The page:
At the NRDC, which collaborated with Mr. Saunder's organization to produce last summer's report on climate change and the national seashores, Theo Spencer, who focuses on climate change, said the Park Service has no choice but to adapt its operations to climate change as it moves forward.
“The past is no longer prologue, I think that’s pretty clear. Especially after Sandy. I think that the Interior Department and the Park Service are going to be looking at things through a new kind of lens, which is one where they’re going to be seeing more extremes in weather," he said.
That said, the agency likely will encounter political pushback on some matters, said Mr. Spencer.
"With the example of the greater New York area ... you have the option of building a $10-$20 billion storm gate rather than doing wetlands restoration or other initiatives like trying to build up reefs and other things that would slow down the impacts of storm surges," he said. "It’s much more cost-effective to do what is essentially natural replenishment, but I don't know if politically it’s going to be possible."
All Parks Need To Prepare For Climate Change
Though the Park Service in general seems to be moving in the right direction on climate change, some parks aren't doing as thorough a job as they could, said Mr. Saunders.
“What we really need to be doing is just factoring climate change into all the park planning. More really than inventing a new type of planning, I would say. It will certainly change dimensions and focus over the planning efforts, it should," he said. "Let me stop and say we’re just beginning to do these kinds of things, and the record so far is very uneven. Canaveral (National Seashore) did not bear the brunt of this storm, but certainly could (see impacts from) other storms. They’re working on a new (general management plan), and the draft essentially ignores climate change.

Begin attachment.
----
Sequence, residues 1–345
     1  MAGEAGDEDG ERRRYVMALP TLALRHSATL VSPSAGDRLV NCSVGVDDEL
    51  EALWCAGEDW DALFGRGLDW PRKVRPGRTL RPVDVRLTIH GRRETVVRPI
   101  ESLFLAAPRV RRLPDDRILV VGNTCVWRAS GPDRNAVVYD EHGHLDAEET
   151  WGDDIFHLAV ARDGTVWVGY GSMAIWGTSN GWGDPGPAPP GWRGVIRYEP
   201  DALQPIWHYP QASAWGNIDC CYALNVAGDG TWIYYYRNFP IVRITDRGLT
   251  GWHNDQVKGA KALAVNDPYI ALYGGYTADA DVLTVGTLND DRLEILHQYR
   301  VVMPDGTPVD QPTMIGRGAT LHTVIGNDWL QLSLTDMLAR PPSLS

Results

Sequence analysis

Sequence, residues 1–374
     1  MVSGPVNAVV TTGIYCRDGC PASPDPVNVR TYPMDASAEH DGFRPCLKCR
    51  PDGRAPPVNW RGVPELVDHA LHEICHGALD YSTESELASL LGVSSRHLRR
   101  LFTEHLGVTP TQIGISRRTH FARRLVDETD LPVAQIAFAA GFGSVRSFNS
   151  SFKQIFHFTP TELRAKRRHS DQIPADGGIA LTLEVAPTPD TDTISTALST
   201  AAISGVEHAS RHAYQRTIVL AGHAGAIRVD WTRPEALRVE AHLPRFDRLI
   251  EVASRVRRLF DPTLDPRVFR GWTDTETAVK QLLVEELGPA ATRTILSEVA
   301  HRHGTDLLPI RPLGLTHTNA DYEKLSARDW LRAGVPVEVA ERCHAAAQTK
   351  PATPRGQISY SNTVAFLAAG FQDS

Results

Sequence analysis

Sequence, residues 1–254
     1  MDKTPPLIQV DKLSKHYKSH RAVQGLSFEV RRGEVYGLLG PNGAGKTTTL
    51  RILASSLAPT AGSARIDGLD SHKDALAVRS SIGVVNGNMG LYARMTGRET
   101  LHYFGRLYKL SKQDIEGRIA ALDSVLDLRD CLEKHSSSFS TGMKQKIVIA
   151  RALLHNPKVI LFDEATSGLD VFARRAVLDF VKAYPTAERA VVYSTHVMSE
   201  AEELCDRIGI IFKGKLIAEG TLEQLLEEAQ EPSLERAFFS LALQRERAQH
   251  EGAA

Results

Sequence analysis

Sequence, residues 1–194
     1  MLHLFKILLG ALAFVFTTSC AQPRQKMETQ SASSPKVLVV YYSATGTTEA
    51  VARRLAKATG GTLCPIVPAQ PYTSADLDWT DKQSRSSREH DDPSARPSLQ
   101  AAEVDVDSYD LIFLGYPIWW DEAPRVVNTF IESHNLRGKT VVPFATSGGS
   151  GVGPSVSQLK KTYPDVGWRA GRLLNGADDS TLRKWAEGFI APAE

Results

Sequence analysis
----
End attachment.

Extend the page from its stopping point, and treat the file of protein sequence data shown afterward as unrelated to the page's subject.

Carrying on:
“It varies a lot, superintendent by superintendent, for sure," Mr. Saunders said. "And (general management plans) are done not just by the parks, but by the national planning staff. Canaveral was one of the last ones to get through a draft, if you will, before the new regime and the new orientation began to take effect. I am hopeful that they will make substantial revisions before finalzing the draft. But in that report ... there were some embarrassingly cursory mentions of climate change. But really nothing that amounts to any assessment of what the effects could be on that park."
At Assateague, where officials are more thoroughly tackling climate change in their GMP, "they're doing a great job," he said. "Part of that is you’ve got a superintendent there who is very much into (climate change), very much aware of it. They are in the GMP process looking at a future that may not include the access across the Verrazano Bridge to the Maryland unit of the park.”
When it comes to park planning and climate change, continued Mr. Saunders, NPS managers also need to look beyond their borders, because ecosystems often lap over park boundaries. Lands inside and out of parks are needed for plants and animals to migrate along in response to climate change impacts.
"We need to be thinking about this in some fundamentally different ways. But at the root it really is about park planning as parks have always done it. Just dealing with new threats and issues," he said.
In short, agreed NRDC's Mr. Spencer, it can't be business as usual in the parks.
“I think the Park Service needs kind of a master directive to look at these impacts and make decisions going forward that take climate change into consideration," he said. "And that means parks aren’t going to be the same, they’re going to be different. But that doesn’t necessarily mean that the visitor experience will be significantly damaged or the parks will be less beautiful. It’s just that we’re in a new reality and financial decisions have to be made accordingly.”